Every designer knows what it’s like to have tough conversations with clients. Tough conversations can be as simple as collecting an overdue invoice, or trying to help a client understand why background music is a bad idea. Sometimes tough conversations are more involved, like suggesting elimination of elements that don’t support their goals, or making design choices so their site is accessible to people with disabilities.
Touch conversations can try your patience. Rather than avoiding a client or getting frustrated, the following tips will increase your chances of achieving a satisfying outcome every time:
- Understand a client’s resistance to the unfamiliar
Clients want to stay on top of what they perceive to be the latest and greatest trends. They’re not developers or designers, so they only see the industry from the consumer’s point of view. For instance, when the design world was first moving from tables to pure CSS, it was difficult for anyone but designers to see the future potential.
Likewise, anytime you introduce something unfamiliar to a client, they may not see the benefit right away. Be ready for some resistance, but understand that resistance is coming from a lack of knowledge. Take the time to educate your client when you notice they’re missing important information.
- Learn to speak a client’s language when they’re upset
As a designer, you know the industry lingo. Your clients may not, and won’t always use terms in the right context. Learning their lingo – and speaking it with them – is an effective strategy to handle conversations when clients are frustrated or upset.
When a client is upset, they’re not in the right space to accept your terminology corrections. Don’t get hung up on correcting their use of terms. Jump into the conversation with the intention of relieving their frustration. Focus on understanding what they’re trying to tell you. Listen and ask questions for clarification.
When you do speak, match their lingo and they’ll calm down faster. When you can guide them to a calm state of mind, you’ll understand what they’re saying more quickly. You can always clarify terms later.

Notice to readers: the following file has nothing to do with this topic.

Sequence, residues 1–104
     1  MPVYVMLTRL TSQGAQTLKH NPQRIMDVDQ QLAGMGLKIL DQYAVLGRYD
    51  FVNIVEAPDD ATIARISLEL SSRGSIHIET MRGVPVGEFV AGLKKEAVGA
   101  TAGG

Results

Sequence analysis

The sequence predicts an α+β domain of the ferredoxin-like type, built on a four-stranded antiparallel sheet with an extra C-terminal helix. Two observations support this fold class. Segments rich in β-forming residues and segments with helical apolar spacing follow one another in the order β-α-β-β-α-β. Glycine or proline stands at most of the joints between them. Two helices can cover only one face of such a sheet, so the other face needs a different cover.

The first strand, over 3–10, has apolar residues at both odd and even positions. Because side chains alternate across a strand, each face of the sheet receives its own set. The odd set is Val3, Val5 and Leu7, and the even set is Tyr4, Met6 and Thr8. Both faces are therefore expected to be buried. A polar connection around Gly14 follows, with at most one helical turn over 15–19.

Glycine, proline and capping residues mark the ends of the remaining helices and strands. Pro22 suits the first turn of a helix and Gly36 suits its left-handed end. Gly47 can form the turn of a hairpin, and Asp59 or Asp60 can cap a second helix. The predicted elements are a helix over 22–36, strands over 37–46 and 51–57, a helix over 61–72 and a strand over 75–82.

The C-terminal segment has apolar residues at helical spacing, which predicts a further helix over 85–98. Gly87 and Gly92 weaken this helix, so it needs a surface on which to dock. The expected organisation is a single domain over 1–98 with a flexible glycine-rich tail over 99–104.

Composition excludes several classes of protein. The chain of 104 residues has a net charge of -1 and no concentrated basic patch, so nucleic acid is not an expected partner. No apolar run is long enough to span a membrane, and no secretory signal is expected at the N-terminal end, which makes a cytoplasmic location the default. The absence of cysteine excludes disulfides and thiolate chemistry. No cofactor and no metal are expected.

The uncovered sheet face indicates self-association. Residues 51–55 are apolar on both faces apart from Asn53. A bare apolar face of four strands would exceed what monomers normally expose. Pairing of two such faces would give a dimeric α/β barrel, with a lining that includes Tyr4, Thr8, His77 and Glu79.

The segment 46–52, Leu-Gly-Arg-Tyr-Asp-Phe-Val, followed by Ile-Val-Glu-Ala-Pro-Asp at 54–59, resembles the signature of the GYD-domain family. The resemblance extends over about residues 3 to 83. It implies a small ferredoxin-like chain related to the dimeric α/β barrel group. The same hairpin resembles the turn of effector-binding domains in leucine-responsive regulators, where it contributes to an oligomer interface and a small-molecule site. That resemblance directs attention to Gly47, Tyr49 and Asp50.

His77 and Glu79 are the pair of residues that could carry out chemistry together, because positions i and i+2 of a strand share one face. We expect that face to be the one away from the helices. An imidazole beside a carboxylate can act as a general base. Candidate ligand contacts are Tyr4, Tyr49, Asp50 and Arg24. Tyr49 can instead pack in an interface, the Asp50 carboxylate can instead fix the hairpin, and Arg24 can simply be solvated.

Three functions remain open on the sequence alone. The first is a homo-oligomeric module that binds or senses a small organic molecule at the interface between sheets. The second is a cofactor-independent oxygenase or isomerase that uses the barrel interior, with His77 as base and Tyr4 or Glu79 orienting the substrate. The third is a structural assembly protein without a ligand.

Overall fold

- Be willing to explain when you suggest the unfamiliar
You’re likely to be met with resistance for suggesting unfamiliar design or content elements. Resistance is normal, but you need a strategy to overcome objections. For every suggestion you make, be willing to explain and provide examples so your client can see exactly what you’re talking about.
For instance, say you suggest removing their homepage slider and replacing it with a branded header image. Your client will wonder why. Everyone else uses a slider, what’s the big deal? Be ready to explain why sliders can be a distraction and cost them conversions.
Another area of unfamiliarity for many clients is the type of content they should be posting on their blog. Your client will probably want to write the content themselves to save some money.
There’s nothing wrong with encouraging your client to write his or her own blog content. However, when you suggest writing articles containing satire, humor, or creative titles, you might encounter some resistance.
Your client needs to know that creative titles and content are going to get their links clicked in search engine results pages.
Adding a little humor and sarcasm is a great strategy, and the content can still be educational and actionable. For example, an article titled Want to Scare Off a Buyer? Here Are 7 Things That Do the Trick tells people what will tank their ability to sell their home, while simultaneously providing practical advice for what to do instead.
Sarcasm and humor can be profitable. Satire is what turned The Onion into a bonafide media company with a profitable in-house advertising agency.
- Don’t assume the client is wrong
If you think a client is wrong, first ask yourself why you think they’re wrong. If you don’t agree with their request, it doesn’t mean they’re wrong. Train yourself to be objective when you encounter a situation where you disagree with a client’s request.
Smashing Magazine explains this in depth and says that when a client makes a request that doesn’t make sense, rather than saying, “I just don’t think it will work,” ask them how they think their request will benefit their business. If the client can’t connect it to their main goal or a KPI, they’re more likely to believe you when you tell them it’s not a good idea.
Be willing to be wrong
Nobody can be right all the time. If you expect your clients to listen to your expertise, be willing to listen to theirs.